Often when working with Kubernetes you might find yourself switching between your clusters or namespaces. I am doing this numerous times lately and I was slow switching using the regular commands. In this post, I would like to highlight two productivity utilities when working with Kubernetes which will make it simple when working with multiple clusters.
Kubernetes stores the cluster information in
~/.kube/config file and stores in as a context information. If you are working against multiple clusters ideally you would have different config files and can reference them when running commands with
For example, to get pods in different cluster than your default context, you use below command.
kubectl get pods --namespace dev-ns --kubeconfig ~/.kube/devClusterConfig
As you can see, typing namespace information and providing the config for every command is cumbersome.
Merging multiple config files in to one
If you already have multiple config files to connect to different clusters, you would like to merge them first. You can merge both the config file using syntax below
# Merge ~/.kube/config and ~/.kube/devClusterConfig in to new config /tmp/config $ KUBECONFIG=~/.kube/config:~/.kube/devClusterConfig kubectl config view --flatten > /tmp/config # Replace old config with new merged config $ mv /tmp/config ~/.kube/config
Switching the Kubernetes clusters using kubectl commands
Kubernetes already has a concept of contexts and once you merge the config, you will be able to see the contexts information.
$ kubectl config get-contexts
You will see context information as below
CURRENT NAME CLUSTER AUTHINFO NAMESPACE * dev-aks-cluster dev-aks-cluster clusterUser_aksdemo_dev-aks-cluster dev-ns qa-aks-cluster qa-aks-cluster clusterUser_aksdemo_qa-aks-cluster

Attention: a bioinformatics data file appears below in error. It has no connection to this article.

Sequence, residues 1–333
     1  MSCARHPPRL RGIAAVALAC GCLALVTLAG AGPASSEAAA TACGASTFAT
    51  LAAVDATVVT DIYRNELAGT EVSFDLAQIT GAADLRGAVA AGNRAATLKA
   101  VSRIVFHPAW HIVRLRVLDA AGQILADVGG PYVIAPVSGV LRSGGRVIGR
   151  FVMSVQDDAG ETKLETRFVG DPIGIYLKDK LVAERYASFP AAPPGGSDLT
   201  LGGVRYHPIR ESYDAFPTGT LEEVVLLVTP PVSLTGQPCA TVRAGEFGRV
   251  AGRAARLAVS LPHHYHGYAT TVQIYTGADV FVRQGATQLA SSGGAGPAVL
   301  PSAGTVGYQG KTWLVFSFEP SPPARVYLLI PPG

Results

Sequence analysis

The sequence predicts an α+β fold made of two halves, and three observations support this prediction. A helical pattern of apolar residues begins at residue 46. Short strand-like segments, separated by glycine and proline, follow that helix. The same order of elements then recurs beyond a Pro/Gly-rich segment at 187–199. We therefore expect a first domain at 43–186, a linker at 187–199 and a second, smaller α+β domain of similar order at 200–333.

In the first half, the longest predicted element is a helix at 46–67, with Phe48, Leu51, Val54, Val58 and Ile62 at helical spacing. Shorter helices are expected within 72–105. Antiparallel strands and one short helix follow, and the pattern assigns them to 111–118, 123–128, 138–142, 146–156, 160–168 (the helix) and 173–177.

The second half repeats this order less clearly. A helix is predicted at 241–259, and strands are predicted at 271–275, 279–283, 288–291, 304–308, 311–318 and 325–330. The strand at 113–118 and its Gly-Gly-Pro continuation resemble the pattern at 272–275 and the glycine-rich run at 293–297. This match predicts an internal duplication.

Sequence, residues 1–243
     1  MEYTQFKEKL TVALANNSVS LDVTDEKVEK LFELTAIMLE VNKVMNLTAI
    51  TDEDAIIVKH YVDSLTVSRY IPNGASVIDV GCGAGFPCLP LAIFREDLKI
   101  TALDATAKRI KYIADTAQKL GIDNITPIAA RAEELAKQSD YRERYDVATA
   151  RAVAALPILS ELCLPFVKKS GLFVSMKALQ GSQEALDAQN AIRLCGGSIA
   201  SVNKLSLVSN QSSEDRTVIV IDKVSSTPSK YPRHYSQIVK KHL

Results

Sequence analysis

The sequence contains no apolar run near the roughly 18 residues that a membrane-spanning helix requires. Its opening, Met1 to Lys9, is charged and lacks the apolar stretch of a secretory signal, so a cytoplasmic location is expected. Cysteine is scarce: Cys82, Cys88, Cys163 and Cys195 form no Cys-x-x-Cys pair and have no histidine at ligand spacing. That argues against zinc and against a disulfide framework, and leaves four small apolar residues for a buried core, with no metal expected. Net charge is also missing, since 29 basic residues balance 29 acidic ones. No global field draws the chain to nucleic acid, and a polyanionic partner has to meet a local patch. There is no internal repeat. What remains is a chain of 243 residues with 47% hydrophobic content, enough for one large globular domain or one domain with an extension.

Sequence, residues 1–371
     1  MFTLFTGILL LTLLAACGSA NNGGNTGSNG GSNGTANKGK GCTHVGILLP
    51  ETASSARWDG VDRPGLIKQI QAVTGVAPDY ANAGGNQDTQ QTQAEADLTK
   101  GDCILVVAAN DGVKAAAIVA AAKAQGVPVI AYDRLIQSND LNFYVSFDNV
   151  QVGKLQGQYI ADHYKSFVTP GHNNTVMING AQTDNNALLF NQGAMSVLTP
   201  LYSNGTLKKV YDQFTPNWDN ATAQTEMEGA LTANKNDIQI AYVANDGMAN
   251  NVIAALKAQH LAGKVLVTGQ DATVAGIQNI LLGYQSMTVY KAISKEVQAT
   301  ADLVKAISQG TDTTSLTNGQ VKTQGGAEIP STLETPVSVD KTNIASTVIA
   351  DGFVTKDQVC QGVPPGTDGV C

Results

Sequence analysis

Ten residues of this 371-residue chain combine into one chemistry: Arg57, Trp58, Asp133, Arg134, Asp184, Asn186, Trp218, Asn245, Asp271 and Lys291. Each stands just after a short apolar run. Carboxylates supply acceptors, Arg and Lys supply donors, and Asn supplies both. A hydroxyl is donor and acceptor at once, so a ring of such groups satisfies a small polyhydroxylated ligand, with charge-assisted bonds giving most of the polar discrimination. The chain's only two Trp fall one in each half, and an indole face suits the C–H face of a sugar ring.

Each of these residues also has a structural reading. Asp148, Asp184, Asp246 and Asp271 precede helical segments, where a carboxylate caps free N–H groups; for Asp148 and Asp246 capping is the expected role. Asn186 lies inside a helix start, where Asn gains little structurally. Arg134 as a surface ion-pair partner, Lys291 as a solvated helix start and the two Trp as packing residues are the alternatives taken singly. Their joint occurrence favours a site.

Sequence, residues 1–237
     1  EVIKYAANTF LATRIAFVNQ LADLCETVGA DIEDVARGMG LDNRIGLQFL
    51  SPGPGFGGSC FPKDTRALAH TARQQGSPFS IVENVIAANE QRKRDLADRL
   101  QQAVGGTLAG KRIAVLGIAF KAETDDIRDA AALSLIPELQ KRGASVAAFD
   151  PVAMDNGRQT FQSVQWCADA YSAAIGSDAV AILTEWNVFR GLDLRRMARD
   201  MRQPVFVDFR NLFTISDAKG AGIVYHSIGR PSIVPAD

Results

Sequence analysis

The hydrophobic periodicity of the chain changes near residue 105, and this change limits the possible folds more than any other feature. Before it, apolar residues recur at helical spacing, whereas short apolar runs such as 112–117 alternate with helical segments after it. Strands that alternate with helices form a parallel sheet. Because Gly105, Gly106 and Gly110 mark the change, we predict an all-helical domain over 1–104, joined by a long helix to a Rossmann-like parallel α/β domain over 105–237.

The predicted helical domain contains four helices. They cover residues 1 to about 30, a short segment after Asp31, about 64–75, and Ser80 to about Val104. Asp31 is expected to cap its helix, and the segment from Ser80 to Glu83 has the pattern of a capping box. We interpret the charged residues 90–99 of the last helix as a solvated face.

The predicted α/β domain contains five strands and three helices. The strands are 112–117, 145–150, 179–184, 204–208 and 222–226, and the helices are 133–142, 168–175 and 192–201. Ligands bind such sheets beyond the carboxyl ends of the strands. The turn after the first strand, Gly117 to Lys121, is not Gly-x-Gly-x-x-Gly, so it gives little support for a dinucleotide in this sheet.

You can then switch to the different cluster (in my case its
qa-aks-cluster) using below command
$ kubectl config use-context qa-aks-cluster
Switching the namespaces using kubectl commands
Now if you do not want to add
--namespace <namespace-name> for every command you type, you can also set it as default namespace for the currently selected context.
kubectl config set-context --current --namespace=<insert-namespace-name-here>
Using kubectx and kubens
kubectx is a great open-source tool to switch clusters. Just type
kubectx and it lists the contexts you have. Then you can select one by typing
If you have
fzf installed, you can also get a nice picker and you can use arrows to select one.
If you keep alternating between contexts, you can also use
kubectx - to quickly go back to previous context. Isn’t it cool?
kubens is another great utility from the same creator. It performs pretty much similar to
kubectx but lets you switch namespaces. I regularly use this since we have couple of namespaces within our cluster which we deploy to. It has certainly saved me lots of typing.
If you are into Kubernetes, both
kubectl are great productivity tools and will save you lots of time. I certainly am finding them really useful.
That’s it for this post, thanks for reading, until next time time 👋🏼